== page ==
Jimmy Kimmel Mocks Donald Trump’s Brett Kavanaugh Swearing-In Ceremony

Jimmy Kimmel Mocks Donald Trump’s Brett Kavanaugh Swearing-In Ceremony

Jimmy Kimmel Mocks Donald Trump’s Brett Kavanaugh Swearing-In Ceremony

47 years is what it took for the first Catholic Justice, Roger B Taney, to ascend to the court (in 1836); the first Jewish justice, Louis Brandeis, was seated in 1916.

Describing Kavanaugh as a man of outstanding intellect and a brilliant scholar, Trump said his credentials were unsurpassed. He ended up asking questions of lawyers on both sides during two cases argued before the justices. We do not caucus in separate rooms. "Every litigant at the Supreme Court can be assured that I will listen to their argument with respect and an open mind", the newly minted Justice added.

In a ceremony that could have been a unifying moment for the nation, Trump instead delivered remarks that even he acknowledged began "differently than perhaps any other event of such magnitude".

"On behalf of the nation, I'd like to apologize to Brett and the entire Kavanaugh family for the awful pain and suffering you've been forced to endure", President Trump said.

"Thank you Susan Collins for thoughtfully reviewing Judge Kavanaugh's judicial record and weighing the evidence, and for being a reasonable voice during this incredibly divisive time", Carrie Severino, the group's chief counsel and policy director, said in a press release accompanying the news.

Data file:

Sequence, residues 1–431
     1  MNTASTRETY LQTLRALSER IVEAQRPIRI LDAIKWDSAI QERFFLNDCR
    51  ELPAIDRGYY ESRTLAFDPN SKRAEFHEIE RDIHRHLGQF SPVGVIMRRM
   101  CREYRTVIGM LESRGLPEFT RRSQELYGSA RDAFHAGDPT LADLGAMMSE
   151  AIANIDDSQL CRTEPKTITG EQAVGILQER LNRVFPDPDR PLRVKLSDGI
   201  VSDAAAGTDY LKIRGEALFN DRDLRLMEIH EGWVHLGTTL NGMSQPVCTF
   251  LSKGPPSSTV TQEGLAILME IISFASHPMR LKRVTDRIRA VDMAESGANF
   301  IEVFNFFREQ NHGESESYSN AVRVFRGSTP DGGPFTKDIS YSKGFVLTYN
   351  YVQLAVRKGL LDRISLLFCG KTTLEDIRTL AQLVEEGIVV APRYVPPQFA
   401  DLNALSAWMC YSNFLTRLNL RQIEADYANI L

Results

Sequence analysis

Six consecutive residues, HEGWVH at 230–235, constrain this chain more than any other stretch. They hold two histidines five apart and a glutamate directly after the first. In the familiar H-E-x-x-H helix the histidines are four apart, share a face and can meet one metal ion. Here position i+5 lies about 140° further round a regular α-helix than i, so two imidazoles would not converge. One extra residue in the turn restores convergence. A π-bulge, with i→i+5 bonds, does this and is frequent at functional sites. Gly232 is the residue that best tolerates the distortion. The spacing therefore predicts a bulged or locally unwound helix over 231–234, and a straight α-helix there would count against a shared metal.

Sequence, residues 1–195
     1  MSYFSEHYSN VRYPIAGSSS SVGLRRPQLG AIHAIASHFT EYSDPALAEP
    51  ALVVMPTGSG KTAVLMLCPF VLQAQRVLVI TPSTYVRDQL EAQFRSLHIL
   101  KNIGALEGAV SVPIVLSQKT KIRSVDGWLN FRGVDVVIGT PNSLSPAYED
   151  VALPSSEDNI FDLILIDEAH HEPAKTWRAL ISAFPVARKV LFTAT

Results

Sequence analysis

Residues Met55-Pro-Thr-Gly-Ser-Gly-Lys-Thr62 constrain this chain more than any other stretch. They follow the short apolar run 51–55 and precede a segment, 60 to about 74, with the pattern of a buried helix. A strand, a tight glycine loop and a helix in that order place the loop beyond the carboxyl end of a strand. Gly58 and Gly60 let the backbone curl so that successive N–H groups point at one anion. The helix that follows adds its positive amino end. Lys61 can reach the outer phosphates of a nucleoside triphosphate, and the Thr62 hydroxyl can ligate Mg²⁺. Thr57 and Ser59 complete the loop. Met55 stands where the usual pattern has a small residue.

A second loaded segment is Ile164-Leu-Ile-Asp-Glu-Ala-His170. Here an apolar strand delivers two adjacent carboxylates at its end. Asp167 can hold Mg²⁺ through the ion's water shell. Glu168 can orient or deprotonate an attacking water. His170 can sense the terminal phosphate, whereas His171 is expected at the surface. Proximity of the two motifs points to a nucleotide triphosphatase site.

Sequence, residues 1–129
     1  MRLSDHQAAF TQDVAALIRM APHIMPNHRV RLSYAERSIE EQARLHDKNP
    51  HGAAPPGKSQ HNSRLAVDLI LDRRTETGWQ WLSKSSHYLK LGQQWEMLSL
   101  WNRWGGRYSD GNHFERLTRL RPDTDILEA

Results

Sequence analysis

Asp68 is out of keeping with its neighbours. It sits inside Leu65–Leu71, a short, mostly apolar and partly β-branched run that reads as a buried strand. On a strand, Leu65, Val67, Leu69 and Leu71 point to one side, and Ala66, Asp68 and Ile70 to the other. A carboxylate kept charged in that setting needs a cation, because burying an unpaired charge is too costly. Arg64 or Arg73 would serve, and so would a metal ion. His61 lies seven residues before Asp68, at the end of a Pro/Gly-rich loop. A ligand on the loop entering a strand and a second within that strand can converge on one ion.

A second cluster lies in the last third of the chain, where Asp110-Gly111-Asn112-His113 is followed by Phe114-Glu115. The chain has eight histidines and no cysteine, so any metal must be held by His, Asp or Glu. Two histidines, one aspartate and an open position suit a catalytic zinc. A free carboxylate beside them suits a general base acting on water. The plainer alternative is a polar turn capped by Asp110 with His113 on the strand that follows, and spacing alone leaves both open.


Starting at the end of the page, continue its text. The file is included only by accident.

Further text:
The climactic 50-48 roll call vote Saturday on Kavanaugh was the closest vote to confirm a justice since 1881. After thanking Senate Majority Leader Mitch McConnell and Judiciary Chairman Chuck Grassley for their leadership during the contentious confirmation process, he praised the senators who had supported him.

Kavanaugh is getting off to a swift start.

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So far this term, there are no blockbuster cases on the court's docket, but significant issues concerning LGBT rights, the Affordable Care Act, the Deferred Action for Childhood Arrivals program and voting rights issues are percolating through the lower courts.

The tenure of Justice Brett Kavanaugh is officially underway as of today, and a number of his allies are noting that's he's already making a mark on the professional culture of the high court. Kavanaugh emphatically denied the allegations.

Kavanaugh had served as a judge on the U.S. Court of Appeals in Washington since 2006. Kavanaugh's confirmation gave the Republican president a political victory ahead of crucial November 6 congressional elections.

In an interview with Fox News Channel's Martha MacCallum, Grassley was asked whether he believes the Senate should take up a hypothetical Supreme Court nomination during 2020, when President Trump will be up for reelection.

The justices themselves have expressed concern in recent years about public perception of the court. Roberts has previously said that assignment is a way of bringing a new justice "back down to Earth after the excitement of confirmation and appointment". "Part of the court's strength and part of the court's legitimacy depends on people not seeing the court in the way that people see the other governing structures in this country".

The DCCC also says it raised $4.38 million from the end of September to October 5 - the day it was clear Kavanaugh had the votes to be confirmed.

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